I was waiting in a hospital lobby a few weeks ago. Reading to fill the time, I decided a walk would do me good. I hadn’t gone far when I noticed the gift shop. I wandered in to look around.

What caught my eye was a display of Raku Medallions by artist Jeremy Diller. Each clay circle was three inches in diameter. I picked one up and was surprised by a simple message stamped into the back: I Am Grateful.

Trial by Fire



The artist had included an informative plaque with his display: Each handcrafted Raku Medallion is fired in an outdoor kiln, and left to smolder in a pit with wood shavings. Not everyone survives their trial by fire. The ones that do cultivate strength and beauty. My silent prayer was, “Lord, help me to be one of those people.”

I had not planned to buy anything, so I left the shop and finished my walk. Back in the lobby I read for a while, but I kept thinking of the “trial by fire” message. I went back to the gift shop to read it again.

One medallion caught my eye. It was a white heart in the center of white lines which radiated out to form a cross. I turned it over and found the grateful heart message stamped into the back. I thought that makes sense. To survive my trial by fire I will need a grateful heart. I had my wallet this time, so I bought it.

Thankful or Grateful . . . 

To be grateful is to be appreciative or thankful. Thankfulness inspires a warm feeling toward someone for something good that has happened. On the other hand, to be thankless is to be ungrateful and self-centered. It can even be prideful if we think the good thing that happened was simply what we deserved.

Colossians 3:15 says, “Let the peace of Christ rule in your hearts” and “be thankful.” Thankfulness opens our heart to God’s peace. We can’t be thankful and discontented at the same time.

The Message puts it this way: Cultivate thankfulness. I like that. There is nothing automatic about being grateful.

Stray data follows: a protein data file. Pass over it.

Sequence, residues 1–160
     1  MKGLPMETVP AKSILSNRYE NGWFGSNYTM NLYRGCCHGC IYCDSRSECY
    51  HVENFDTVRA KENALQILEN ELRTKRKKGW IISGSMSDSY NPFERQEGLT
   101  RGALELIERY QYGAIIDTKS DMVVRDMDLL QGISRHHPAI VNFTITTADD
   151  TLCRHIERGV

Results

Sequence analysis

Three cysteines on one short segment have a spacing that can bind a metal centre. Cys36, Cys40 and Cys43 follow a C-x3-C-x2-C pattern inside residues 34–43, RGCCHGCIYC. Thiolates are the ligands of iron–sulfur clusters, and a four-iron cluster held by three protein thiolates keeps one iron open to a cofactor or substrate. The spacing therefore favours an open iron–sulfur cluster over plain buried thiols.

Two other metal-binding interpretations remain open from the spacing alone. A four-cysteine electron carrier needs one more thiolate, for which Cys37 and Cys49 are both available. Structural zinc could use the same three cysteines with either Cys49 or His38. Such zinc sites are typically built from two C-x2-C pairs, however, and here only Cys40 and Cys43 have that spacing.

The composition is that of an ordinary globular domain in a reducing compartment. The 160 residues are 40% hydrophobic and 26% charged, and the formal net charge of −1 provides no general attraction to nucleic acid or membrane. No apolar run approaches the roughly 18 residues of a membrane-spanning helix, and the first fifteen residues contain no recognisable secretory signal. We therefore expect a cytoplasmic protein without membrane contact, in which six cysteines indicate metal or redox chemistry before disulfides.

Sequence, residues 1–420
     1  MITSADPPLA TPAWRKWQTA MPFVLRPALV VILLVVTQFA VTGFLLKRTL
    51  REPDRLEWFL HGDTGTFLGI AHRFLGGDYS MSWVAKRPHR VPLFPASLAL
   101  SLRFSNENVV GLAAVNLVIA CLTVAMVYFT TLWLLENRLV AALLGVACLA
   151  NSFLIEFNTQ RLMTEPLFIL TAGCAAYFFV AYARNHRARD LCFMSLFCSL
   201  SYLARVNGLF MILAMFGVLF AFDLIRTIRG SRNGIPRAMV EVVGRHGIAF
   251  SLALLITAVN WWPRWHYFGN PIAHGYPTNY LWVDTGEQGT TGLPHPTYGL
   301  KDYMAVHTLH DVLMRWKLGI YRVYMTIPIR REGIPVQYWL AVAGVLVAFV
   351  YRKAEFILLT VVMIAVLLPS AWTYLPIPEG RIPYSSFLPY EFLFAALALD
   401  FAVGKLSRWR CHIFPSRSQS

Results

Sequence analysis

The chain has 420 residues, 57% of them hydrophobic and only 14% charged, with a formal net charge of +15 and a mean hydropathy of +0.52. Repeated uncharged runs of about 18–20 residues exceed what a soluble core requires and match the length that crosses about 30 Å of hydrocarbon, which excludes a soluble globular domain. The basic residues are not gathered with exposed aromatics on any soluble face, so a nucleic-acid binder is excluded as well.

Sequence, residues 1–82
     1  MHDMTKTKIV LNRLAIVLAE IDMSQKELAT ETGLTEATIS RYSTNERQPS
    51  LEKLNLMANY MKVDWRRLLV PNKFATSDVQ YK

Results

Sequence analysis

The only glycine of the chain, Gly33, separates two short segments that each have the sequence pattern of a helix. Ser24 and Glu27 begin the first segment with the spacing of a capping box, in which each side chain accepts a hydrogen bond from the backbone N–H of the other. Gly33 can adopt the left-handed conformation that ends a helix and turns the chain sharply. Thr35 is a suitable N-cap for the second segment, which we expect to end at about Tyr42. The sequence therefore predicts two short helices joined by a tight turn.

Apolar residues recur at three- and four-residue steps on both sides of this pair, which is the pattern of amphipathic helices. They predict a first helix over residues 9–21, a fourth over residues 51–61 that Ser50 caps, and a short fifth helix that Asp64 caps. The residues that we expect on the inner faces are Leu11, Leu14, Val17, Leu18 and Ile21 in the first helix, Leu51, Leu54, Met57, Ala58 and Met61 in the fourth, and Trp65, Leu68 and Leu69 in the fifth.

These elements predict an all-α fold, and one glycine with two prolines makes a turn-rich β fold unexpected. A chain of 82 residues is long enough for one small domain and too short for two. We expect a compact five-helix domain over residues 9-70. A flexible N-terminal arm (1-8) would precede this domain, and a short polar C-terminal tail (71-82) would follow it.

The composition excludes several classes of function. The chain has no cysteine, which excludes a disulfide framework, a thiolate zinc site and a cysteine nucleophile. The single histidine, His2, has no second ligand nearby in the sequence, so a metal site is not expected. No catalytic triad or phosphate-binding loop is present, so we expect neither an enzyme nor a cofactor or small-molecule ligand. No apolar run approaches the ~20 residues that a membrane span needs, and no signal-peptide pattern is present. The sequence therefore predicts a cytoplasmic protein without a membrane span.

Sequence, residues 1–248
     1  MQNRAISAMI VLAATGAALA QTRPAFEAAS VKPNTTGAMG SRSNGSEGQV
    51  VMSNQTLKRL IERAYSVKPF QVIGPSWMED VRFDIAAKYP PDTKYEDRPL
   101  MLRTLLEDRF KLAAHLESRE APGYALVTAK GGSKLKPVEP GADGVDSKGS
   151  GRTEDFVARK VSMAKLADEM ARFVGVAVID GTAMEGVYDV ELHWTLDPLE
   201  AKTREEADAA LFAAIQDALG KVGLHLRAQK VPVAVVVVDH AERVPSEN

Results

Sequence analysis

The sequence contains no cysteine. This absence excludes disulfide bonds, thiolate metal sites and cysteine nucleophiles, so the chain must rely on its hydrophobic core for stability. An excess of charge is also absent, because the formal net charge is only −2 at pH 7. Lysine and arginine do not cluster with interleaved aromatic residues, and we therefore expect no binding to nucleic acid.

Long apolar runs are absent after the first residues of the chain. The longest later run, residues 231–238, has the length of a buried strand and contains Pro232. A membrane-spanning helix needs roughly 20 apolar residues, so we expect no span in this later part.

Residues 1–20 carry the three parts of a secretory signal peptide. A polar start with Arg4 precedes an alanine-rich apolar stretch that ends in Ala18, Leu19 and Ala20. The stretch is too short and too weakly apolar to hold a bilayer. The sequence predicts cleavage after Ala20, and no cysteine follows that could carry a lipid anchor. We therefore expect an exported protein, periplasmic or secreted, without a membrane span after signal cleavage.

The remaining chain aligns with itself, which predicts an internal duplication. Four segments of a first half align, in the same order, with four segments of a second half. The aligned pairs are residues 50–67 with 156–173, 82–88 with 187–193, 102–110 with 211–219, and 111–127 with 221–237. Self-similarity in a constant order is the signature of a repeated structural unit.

I came home, hung the medallion by my desk and took out my journal. The Amplified Bible says, “Be thankful (appreciative), giving praise to God (always).”

In a matter of seconds, I had listed eight things for which I was thankful. It was very uplifting.

How About You?

Have you been going through your own trial by fire? Imagine a circle of inspiration stamped I Am Grateful. Thankfulness is a personal thing, so give it some thought. 


Sunday, December 17, 2017

The Life of a Lie

THE LIFE of a LIE


Do you associate the word Arabia with a desert in southwest Asia? That’s what I did until I read a book called Treasure in a Cornfield by Greg Hawley.

I was amazed by many things in this adventurous autobiography.  The book’s subtitle is The Discovery and Excavation of the Steamboat Arabia.   

Flat-bottomed paddle-wheelers, propelled by giant boiler engines, carried tons of cargo and hundreds of passengers before establishment of railroads. The mighty Mississippi and the muddy Missouri rivers were major travel sites.

How could a steamboat end up in a cornfield? In 1856, the Arabia was snagged by an underwater tree and sank in the Missouri River. As years rolled by, the river eroded and changed its course leaving the Arabia under a Kansas cornfield.